Fast-forward several years: Richards and Levy, both 27, are newlyweds who married in a Jewish-Catholic ceremony.

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Was I -- am I -- really less committed to my Judaism than all -- or even many -- of the people who do have Jewish significant others?

Another person said that rabbis are supposed to be role models, implying, I suppose, that someone who is dating a non-Jew cannot be a good Jewish role model.

But can Reform congregations -- or any other congregations -- ever really be welcoming to interfaith families if rabbis in interfaith relationships are forbidden?

Would you consider a religion to be "welcoming" to same-sex couples if it refused to ordain someone who was in a same-sex relationship? This is a question that the Reform movement will have to continue to struggle with until it opens the rabbinate to all qualified, ethical people.

Although I had some minor deviations from that path (coming out of the closet was originally not part of the plan for me), the whole thing was largely intact. The rabbi and the rabbinical intern at my university Hillel both encouraged me to apply to rabbinical school.

But as I began preparing to apply to law school, I began wondering: what if I want to be a lawyer? But when I began looking into the Reform and Reconstructionist rabbinical colleges, I discovered a barrier I hadn't imagined would be a problem: I would have to sign a statement affirming that I would not be in an interfaith relationship at the time of my ordination.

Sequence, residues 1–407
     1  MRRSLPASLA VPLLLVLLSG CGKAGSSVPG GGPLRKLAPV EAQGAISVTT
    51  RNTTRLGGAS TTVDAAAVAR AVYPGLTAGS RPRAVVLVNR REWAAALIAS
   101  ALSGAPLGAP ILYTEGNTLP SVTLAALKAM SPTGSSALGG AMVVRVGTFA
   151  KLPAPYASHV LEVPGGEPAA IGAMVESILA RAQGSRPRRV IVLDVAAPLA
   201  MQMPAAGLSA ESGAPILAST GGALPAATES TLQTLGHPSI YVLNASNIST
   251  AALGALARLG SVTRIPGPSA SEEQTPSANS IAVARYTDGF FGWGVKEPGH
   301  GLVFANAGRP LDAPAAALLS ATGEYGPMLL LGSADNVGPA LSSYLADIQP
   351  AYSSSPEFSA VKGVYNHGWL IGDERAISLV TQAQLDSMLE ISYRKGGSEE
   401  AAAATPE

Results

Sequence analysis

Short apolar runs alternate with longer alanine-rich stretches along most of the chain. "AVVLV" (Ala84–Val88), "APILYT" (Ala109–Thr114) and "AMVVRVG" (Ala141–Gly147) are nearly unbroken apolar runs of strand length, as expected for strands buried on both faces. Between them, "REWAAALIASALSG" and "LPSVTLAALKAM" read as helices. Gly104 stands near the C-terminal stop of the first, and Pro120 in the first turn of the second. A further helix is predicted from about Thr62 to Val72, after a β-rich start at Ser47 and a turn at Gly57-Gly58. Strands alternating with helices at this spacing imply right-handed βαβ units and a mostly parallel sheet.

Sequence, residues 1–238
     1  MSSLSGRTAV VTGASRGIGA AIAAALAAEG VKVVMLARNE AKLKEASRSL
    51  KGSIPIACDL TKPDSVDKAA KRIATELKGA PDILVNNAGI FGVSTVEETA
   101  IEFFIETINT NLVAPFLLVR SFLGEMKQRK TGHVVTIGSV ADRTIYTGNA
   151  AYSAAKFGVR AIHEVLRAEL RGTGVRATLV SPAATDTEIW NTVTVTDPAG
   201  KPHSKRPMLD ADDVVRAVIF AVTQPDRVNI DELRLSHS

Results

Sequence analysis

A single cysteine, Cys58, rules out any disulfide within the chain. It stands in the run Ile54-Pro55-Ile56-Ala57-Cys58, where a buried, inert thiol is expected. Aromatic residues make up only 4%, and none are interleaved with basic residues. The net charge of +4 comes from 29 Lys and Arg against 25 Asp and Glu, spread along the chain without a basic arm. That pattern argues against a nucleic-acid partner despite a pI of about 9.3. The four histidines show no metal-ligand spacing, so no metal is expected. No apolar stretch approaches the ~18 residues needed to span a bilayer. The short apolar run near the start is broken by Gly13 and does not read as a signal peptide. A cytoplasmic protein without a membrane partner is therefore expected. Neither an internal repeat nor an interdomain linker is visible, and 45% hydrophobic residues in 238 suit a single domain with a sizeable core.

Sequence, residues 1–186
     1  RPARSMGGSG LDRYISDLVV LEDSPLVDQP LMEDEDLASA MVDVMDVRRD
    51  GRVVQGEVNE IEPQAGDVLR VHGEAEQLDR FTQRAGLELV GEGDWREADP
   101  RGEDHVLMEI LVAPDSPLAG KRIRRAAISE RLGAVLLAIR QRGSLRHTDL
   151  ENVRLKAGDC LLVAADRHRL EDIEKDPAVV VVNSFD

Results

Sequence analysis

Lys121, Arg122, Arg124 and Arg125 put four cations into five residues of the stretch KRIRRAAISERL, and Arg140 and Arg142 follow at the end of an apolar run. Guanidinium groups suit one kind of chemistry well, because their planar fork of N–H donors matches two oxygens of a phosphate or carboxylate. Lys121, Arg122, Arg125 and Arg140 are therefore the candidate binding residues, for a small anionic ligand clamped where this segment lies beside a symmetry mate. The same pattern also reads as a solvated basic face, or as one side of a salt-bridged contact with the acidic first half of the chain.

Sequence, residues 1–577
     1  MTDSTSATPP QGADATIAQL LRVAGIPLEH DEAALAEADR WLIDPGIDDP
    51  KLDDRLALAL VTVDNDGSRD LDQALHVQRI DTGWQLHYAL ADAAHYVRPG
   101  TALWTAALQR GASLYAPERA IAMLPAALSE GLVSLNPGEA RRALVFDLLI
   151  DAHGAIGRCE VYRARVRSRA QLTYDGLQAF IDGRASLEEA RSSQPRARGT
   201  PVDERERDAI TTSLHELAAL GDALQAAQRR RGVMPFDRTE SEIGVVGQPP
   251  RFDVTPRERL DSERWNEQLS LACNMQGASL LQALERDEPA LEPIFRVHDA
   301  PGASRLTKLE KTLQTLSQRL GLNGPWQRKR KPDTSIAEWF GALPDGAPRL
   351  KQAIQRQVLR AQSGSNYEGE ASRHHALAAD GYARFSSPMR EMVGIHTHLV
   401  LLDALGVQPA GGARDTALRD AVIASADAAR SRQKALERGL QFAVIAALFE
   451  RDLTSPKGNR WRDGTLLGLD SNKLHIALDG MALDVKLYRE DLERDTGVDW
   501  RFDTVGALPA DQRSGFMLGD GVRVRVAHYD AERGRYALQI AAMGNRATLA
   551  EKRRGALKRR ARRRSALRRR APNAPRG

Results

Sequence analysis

“We realize that this is a major pastoral issue,” says Sheila Garcia, associate director of the U. Conference of Catholic Bishops’ Secretariat on Laity, Marriage, Family Life, and Youth.

Garcia says that while supporting these couples pastorally, the church also is concerned with making sure the Catholic in a mixed-religion marriage continues to practice his or her faith and that the couple takes seriously the Catholic party’s pledge to raise their children Catholic.

But apparently, neither thought it acceptable for someone in an interfaith relationship to serve those congregations as a rabbi.

I brought the subject up with other members of the Hillel community to hear what they thought could be the reasoning behind the rule.

Someone told me that not having a Jewish significant other might be a sign of a lack of one's commitment to Judaism.